In our effectiveness inspection, we judged Northamptonshire Police to require improvement in the way in which it keeps people safe and reduces crime. Although the force has a clear commitment to reducing crime and keeping people safe, there is room for improvement in the way it prevents crime and anti-social behaviour. Weaknesses in the assessment and allocation of crime for investigation are causing unacceptable delays. The force has good systems and processes in place to deal with vulnerability and risk at the initial point of contact. However, an improved awareness of vulnerability and empathy for victims by call-handlers is required to ensure that vulnerable victims feel fully engaged from the outset of their contact with police.
The force also needs to work better with partner organisations in its fight against serious and organised crime. This is the first year HMIC has graded forces on their overall effectiveness so comparison of their year-on-year effectiveness is not possible.
Northamptonshire Police is partly prepared to face its future financial challenges. In last year’s value for money inspection, which considered how forces had met the challenge of the previous spending review period, Northamptonshire was judged to be good. It has balanced the budget and has a good track record of achieving savings. However, future plans beyond 2016 are still in the early stages of development; and the force does not yet have a full understanding of the demand on its services. Because of this, the force cannot be confident that its structure and processes are aligned with its overall demand and budget.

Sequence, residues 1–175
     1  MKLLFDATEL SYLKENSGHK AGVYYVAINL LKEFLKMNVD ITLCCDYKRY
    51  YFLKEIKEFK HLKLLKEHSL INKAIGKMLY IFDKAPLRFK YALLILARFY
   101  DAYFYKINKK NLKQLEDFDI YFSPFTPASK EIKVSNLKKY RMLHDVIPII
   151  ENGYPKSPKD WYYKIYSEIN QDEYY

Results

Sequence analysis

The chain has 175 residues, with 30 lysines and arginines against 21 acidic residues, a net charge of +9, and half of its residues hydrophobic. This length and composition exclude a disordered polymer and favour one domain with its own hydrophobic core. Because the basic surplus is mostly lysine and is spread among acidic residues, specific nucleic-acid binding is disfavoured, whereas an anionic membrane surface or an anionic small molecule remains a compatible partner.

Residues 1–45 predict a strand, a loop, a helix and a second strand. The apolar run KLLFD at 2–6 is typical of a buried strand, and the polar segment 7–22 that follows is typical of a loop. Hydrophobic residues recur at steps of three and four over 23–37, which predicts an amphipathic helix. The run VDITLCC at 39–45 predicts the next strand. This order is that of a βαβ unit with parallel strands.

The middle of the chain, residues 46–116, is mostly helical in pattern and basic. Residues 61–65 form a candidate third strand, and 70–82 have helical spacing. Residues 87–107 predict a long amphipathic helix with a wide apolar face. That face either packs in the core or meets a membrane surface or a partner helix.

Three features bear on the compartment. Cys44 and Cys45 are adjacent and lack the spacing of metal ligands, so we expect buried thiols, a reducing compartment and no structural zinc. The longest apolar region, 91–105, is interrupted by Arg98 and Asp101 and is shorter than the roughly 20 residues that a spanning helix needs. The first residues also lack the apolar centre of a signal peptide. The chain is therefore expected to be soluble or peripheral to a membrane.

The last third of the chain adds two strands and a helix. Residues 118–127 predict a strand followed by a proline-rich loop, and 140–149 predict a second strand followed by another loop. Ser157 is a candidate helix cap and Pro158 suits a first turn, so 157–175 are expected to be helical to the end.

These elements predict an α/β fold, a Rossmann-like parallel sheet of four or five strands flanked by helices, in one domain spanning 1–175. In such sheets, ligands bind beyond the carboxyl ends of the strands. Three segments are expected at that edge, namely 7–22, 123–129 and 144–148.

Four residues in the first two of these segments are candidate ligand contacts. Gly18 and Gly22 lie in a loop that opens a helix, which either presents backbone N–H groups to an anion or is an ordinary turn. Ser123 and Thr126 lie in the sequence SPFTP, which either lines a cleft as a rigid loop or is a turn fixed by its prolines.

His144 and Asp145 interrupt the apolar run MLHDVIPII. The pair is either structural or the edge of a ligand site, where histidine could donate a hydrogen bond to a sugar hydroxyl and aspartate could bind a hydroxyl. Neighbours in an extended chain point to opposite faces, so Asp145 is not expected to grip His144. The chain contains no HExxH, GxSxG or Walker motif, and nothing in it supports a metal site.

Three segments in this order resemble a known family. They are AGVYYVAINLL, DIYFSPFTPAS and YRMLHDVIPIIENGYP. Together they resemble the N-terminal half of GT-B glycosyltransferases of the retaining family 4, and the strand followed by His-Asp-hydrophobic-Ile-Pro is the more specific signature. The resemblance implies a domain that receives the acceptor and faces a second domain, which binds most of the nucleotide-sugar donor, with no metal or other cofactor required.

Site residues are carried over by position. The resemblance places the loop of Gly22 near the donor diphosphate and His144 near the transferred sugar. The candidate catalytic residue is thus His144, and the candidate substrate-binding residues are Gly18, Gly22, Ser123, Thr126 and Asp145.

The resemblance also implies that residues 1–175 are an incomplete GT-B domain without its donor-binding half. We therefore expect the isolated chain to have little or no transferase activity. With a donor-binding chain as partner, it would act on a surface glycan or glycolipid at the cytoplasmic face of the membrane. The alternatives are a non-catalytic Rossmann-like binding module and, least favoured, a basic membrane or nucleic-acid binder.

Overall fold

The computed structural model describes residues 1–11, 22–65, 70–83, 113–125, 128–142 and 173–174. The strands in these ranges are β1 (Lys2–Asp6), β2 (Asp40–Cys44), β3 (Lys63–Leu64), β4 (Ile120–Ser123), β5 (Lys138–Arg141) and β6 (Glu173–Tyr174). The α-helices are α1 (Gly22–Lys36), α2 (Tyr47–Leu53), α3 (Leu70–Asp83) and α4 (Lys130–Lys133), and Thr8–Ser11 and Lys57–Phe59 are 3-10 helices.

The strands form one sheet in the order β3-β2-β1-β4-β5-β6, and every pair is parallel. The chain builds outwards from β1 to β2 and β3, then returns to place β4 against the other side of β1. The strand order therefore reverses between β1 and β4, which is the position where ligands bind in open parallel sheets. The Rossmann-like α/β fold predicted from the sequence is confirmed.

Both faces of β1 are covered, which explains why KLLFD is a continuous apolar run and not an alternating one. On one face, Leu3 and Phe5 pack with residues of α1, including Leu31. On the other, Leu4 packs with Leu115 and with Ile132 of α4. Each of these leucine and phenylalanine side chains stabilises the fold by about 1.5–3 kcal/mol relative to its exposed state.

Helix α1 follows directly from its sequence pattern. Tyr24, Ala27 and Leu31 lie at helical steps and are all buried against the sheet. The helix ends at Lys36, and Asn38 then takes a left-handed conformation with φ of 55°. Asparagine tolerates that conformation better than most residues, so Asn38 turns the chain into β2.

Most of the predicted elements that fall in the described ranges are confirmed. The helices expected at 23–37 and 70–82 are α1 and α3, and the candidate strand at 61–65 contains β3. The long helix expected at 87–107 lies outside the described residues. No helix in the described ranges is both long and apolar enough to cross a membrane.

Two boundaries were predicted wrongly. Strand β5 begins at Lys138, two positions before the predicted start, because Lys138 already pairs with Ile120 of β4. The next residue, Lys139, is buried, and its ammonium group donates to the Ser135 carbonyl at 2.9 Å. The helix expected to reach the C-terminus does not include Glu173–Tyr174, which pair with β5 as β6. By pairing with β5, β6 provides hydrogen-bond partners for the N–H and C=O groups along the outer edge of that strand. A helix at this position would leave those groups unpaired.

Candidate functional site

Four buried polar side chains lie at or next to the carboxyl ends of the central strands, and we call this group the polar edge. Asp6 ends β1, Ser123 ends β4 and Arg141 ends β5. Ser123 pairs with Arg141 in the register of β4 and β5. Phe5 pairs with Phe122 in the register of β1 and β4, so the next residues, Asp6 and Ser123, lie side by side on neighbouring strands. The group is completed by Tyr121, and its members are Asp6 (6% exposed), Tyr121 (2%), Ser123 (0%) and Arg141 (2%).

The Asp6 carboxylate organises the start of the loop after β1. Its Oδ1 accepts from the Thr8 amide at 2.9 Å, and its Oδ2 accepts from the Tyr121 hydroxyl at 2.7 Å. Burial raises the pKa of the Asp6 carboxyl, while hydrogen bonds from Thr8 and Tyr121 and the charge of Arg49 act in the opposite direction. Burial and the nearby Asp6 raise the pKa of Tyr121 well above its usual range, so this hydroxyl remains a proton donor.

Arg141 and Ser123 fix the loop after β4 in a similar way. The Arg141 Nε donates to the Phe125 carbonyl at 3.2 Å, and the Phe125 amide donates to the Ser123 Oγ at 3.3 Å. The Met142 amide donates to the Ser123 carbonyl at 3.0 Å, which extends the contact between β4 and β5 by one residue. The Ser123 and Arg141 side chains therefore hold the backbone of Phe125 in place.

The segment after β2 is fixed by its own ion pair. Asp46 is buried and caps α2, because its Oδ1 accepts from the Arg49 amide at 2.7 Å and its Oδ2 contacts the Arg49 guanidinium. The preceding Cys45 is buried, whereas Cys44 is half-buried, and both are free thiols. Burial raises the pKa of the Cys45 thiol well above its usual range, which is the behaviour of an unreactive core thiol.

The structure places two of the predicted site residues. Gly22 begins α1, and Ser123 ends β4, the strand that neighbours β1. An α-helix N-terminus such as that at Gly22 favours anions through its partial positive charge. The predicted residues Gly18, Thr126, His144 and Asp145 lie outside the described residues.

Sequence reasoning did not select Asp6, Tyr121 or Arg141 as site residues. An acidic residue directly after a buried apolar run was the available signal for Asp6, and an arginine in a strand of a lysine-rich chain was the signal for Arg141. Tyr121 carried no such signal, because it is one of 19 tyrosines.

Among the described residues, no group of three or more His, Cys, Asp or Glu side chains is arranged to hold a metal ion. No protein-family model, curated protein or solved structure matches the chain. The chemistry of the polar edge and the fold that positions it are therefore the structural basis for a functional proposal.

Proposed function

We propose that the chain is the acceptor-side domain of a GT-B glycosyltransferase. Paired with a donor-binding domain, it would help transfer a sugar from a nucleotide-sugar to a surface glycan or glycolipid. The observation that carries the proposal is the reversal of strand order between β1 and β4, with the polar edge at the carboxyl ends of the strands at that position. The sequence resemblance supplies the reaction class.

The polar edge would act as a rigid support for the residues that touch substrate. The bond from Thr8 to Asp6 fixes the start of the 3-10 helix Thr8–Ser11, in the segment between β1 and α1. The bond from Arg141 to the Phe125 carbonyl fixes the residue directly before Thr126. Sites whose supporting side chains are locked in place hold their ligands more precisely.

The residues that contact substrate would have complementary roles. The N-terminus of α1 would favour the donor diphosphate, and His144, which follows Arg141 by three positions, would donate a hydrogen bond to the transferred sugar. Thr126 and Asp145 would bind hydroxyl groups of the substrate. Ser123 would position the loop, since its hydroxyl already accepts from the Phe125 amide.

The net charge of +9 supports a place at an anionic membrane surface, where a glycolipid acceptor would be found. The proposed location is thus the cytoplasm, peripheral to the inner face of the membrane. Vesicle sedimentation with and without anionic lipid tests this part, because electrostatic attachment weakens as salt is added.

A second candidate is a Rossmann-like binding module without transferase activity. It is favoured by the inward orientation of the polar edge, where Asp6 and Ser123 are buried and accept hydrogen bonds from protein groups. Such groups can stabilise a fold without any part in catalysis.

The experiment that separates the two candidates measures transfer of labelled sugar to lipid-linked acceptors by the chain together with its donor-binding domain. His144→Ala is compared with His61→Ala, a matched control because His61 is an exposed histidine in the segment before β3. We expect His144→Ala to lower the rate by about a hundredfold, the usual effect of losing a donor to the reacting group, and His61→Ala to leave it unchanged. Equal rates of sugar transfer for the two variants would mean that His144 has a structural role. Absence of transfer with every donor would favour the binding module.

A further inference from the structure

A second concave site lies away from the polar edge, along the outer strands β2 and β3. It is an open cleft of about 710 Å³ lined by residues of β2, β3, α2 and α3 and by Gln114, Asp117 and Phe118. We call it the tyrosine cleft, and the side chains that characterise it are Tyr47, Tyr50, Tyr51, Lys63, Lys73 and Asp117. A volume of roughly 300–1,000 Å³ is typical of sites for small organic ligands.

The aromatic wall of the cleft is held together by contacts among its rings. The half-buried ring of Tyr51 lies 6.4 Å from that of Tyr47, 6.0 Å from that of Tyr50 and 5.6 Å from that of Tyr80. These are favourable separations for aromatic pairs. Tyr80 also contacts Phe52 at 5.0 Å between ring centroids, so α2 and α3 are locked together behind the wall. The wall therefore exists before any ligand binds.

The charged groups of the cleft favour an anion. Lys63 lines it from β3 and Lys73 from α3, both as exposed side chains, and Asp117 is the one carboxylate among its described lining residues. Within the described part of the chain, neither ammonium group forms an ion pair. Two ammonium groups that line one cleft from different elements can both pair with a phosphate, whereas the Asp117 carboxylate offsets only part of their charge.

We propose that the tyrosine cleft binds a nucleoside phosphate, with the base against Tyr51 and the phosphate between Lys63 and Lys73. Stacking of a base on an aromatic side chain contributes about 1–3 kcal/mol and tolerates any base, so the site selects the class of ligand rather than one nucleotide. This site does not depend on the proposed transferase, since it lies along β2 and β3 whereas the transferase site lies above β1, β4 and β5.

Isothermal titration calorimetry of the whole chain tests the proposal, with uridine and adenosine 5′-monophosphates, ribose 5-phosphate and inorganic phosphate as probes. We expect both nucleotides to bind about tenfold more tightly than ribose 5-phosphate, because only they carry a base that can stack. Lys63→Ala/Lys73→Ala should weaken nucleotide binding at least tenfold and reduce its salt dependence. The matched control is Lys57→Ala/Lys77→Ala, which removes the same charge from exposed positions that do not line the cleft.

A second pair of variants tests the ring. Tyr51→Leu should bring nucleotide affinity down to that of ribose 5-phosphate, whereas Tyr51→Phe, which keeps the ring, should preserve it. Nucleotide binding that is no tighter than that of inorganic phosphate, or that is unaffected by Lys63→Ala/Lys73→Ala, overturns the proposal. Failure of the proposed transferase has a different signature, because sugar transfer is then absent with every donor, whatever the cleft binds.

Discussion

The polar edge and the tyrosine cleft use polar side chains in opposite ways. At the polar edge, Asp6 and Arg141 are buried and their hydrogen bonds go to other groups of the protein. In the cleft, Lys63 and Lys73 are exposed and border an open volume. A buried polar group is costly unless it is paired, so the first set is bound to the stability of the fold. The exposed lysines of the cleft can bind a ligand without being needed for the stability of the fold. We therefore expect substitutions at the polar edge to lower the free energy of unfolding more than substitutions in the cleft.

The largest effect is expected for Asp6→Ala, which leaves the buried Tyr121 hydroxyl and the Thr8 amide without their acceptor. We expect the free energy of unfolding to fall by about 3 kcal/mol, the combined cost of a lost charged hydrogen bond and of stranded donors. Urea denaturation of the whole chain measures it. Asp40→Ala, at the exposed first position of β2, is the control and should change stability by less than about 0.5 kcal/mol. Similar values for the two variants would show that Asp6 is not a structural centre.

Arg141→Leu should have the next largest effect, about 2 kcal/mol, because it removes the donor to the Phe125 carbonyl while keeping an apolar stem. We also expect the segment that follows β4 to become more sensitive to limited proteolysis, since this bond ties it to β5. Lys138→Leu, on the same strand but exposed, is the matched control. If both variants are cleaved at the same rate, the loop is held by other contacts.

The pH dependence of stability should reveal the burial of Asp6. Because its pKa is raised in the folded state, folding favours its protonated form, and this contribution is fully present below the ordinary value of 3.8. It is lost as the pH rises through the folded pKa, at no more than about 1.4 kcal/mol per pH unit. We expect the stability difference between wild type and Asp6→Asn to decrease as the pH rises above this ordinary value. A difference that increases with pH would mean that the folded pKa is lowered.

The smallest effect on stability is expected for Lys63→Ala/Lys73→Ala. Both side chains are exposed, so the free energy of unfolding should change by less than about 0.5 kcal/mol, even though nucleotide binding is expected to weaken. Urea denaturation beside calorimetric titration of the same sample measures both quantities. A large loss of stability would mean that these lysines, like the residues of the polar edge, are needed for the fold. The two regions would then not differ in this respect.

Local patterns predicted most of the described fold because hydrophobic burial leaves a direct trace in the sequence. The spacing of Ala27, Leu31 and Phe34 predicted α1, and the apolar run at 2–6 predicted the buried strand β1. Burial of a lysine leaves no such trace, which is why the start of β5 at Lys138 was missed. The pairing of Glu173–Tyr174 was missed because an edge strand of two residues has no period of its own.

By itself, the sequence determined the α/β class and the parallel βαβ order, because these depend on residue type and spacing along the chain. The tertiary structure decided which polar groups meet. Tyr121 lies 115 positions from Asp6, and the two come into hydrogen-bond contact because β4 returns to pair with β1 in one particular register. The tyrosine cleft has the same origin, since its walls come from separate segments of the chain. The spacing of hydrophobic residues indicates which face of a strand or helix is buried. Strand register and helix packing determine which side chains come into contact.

The chief officer team is committed to securing an ethical and inclusive workforce, and allegations against officers and staff are generally dealt with fairly and consistently. It is clear that local teams engage positively with the public, but this approach lacks consistency.The force is complying with most of the features of the Best Use of Stop and Search scheme, and use of Taser is fair and appropriate. This is the first time HMIC has graded forces on their legitimacy, so no year-on-year comparison is possible.
Northamptonshire Police has a good understanding of its leadership skills, capacity and capability and is taking positive steps to address identified gaps.
We saw some evidence of how the force manages talented and high-performing officers and staff, specifically regarding crime investigation.
Insights from other inspections